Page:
Mr. Kim, originally from North Korea, was one of the first indoor swap meet vendors in Los Angeles, when he signed a lease to rent a stall at the Compton Fashion Center, once a Sears building, that opened as the region’s first large indoor swap meet in 1985.
At stall Z-7 by the building’s main entrance, he and his wife, Boo Ja, sold women’s products for a while, but then switched to records and cassettes.
As these were years when the first rumblings of gangsta rap were emerging from kids working out in Compton garages, in response to the city’s crack and gang violence nightmare, that’s what he stocked.
He spoke almost no English, and didn’t understand the lyrics — he preferred classical music. But like any microcapitalist, he was willing to stock what sold. Most of the early gangsta rap stars sold their first stuff at his stall, since other record stores refused them. This included records by Eazy E’s Ruthless Records and NWA, and many who’ve since died and others who’ve gone on to other things.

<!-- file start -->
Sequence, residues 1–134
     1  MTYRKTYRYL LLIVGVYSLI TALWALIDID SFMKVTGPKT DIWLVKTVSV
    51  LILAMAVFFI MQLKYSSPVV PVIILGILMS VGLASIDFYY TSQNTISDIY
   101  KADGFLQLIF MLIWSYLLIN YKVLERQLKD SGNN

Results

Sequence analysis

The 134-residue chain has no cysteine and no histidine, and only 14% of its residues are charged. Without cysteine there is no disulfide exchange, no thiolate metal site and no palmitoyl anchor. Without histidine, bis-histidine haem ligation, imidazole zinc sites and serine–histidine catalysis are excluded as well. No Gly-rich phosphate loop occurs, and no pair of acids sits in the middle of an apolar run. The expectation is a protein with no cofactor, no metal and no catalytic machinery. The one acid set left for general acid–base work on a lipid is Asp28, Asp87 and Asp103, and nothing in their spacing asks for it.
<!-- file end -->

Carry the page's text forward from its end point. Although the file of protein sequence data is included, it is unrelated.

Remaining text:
Mr. Kim grew to be loved by customers and rappers alike. He and and his wife were known as Pops and Mama.
I wrote about Mr. Kim last summer. A fascinating fellow straight outta Compton.